Journey Through Scotland With Diane Magras

Guest Post

Meet Diane Magras



Photo credit: Michael Magras

Diane Magras grew up on Mount Desert Island in Maine. She spent much of her childhood reading and writing, but also outside: racing on seaside granite slabs, darting through birch-lined marshes, and hiking mossy forests. She is the editor, writer, and chief fundraiser for the Maine Humanities Council. She volunteers at her son’s school library, and is addicted to tea, toast, castles, legends, and most things medieval. The Mad Wolf’s Daughter is her debut novel.








Guest Post

Setting a Scottish Historic Fantasy Take a lass with a sword and an injured knight and send them off on a tense journey together to save her family (his enemies) from being hanged. That’s a snapshot of the premise of The Mad Wolf’s Daughter, my debut novel, which was published on March 6. When I set The Mad Wolf’s Daughter in medieval Scotland, I didn’t pick the Highlands, that glorious land of hills, glens, coasts, and mountains. I claimed the Lowlands (also a glorious land of hills, glens, coasts, and slightly smaller mountains), which is not what people usual think of when they think “Scotland.”

This region (scribble a line through the lower part of Aberdeenshire, cross over above Stirling, and loop up over Dumfries and Galloway to the coast) is simply the rest of Scotland. In the Southern Lowlands during the early 13th century (when The Mad Wolf’s Daughter takes place), the region held a population with a sense of Scottish identity but also many Anglo-Norman cultural influences (not so much in Galloway, which had its own distinct Scottish warrior vibe).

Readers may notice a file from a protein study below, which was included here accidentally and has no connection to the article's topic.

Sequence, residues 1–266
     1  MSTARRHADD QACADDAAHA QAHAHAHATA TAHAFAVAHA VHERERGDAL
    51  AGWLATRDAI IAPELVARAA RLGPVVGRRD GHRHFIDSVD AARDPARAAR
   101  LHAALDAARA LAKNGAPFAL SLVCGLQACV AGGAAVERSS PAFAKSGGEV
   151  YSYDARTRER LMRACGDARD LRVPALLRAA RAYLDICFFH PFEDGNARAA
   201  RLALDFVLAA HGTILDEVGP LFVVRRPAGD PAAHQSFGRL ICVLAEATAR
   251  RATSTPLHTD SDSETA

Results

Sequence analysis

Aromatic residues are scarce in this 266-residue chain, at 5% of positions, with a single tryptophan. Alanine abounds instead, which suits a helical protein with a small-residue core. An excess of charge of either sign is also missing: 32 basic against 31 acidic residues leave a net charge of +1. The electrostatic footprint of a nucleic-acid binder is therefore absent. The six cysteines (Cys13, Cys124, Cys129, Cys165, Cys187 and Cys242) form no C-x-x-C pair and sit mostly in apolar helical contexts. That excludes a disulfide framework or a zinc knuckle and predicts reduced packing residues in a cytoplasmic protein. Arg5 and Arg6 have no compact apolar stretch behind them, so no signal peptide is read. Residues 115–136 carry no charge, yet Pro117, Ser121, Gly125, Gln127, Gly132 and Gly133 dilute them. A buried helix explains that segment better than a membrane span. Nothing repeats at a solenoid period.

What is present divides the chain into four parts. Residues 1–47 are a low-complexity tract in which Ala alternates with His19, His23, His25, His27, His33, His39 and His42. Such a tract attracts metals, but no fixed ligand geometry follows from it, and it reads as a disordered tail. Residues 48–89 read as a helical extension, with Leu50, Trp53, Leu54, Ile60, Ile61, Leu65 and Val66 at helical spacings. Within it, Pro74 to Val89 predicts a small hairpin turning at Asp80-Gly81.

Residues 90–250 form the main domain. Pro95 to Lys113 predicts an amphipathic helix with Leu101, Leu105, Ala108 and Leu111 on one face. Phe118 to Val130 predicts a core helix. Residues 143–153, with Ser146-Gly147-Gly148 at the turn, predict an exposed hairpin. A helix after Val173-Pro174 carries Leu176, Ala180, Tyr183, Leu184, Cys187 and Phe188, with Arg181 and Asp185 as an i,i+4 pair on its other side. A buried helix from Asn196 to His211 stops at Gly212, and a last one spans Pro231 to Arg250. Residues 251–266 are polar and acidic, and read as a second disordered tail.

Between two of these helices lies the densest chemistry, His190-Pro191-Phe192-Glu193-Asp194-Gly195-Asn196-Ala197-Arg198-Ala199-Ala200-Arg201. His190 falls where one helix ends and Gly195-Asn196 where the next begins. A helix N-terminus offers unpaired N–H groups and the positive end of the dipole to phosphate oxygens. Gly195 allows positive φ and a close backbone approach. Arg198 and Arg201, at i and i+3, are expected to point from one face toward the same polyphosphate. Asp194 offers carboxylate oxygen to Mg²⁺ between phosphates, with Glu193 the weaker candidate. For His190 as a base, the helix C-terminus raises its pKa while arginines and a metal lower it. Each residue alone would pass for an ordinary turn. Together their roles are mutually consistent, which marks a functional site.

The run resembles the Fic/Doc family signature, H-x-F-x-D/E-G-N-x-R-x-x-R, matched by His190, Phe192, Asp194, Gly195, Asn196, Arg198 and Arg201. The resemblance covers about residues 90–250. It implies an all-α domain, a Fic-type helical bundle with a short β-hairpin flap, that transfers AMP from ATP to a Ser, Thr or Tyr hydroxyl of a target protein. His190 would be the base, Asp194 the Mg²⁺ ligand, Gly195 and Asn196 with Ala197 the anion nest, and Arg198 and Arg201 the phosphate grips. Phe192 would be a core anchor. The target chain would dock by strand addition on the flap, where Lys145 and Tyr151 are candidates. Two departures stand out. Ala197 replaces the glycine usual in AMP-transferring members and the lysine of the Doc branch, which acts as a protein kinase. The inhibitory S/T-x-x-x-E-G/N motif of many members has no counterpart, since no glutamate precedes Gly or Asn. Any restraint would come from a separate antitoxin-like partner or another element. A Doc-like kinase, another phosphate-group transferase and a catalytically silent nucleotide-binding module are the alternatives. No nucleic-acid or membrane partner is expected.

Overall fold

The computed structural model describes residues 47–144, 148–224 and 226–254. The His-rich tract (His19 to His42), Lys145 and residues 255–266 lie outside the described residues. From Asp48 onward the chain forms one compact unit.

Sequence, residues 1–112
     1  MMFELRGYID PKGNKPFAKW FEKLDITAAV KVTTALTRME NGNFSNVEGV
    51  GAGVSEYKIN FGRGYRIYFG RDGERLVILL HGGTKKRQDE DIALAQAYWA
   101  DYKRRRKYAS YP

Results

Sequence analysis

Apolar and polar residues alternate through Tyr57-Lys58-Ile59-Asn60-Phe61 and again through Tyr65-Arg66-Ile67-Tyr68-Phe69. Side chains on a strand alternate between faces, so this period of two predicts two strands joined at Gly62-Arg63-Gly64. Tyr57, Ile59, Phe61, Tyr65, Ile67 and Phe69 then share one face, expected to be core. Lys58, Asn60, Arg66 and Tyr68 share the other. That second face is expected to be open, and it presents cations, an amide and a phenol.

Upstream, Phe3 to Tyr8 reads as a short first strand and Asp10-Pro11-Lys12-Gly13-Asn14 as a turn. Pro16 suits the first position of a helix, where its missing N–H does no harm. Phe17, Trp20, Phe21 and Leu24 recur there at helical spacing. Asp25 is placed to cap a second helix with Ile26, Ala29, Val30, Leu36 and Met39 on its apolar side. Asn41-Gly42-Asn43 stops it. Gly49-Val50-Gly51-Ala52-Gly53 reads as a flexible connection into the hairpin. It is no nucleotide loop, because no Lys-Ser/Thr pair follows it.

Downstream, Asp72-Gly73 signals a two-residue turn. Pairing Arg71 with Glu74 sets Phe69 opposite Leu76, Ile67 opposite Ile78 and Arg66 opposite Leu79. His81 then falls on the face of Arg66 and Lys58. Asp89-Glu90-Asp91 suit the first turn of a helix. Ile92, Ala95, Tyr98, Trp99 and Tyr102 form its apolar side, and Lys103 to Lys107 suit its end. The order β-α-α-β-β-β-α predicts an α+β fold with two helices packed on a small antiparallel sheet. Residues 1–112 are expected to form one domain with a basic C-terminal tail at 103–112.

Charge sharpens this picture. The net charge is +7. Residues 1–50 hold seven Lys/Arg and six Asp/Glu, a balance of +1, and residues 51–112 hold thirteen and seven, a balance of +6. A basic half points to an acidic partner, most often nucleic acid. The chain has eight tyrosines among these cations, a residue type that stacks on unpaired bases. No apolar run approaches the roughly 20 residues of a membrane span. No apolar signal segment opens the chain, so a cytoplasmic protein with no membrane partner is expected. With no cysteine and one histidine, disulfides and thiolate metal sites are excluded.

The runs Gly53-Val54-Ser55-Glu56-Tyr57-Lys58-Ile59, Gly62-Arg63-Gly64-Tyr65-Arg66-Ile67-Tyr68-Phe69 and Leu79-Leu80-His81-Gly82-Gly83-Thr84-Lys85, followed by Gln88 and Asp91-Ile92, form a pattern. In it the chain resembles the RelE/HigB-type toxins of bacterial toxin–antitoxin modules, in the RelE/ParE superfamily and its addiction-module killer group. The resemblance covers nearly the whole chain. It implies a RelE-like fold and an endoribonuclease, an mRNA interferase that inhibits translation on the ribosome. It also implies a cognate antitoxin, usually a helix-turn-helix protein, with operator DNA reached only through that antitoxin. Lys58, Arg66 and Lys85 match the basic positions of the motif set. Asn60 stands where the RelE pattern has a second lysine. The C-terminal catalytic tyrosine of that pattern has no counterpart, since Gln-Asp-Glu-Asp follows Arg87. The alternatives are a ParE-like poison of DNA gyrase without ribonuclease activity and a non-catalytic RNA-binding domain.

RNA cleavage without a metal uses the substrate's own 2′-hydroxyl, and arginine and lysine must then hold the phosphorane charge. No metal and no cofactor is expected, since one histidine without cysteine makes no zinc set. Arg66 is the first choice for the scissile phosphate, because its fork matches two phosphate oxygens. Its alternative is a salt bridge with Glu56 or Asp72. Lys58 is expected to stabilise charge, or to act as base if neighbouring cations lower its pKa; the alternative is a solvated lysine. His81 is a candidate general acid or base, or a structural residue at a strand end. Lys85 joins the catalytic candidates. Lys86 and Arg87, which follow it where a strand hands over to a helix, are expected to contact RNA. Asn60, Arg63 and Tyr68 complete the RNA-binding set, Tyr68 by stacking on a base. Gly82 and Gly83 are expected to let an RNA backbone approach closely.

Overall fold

It’s that not-Highland-but-still-Scottish identity that I was interested in, and also the region dominated at times by England. The landscape, which includes the main battlegrounds of the Scottish Wars of Independence nearly a hundred years after my novel takes place, show identity through its castles.

Both the Scots and the English built these magnificent fortresses. Most castles changed hands, changed back, and many were destroyed by Robert the Bruce as a means to prevent these valuable bastions from falling into enemy hands again (battles and life were that uncertain). In only a handful of cases were these castles rebuilt. My obsession with castles and my interest in the medieval conflict between the Scots and the English (not to mention the Scots and other Scots), but also the similarities between the people of the region, was one reason I wanted to set my novel in the Lowlands.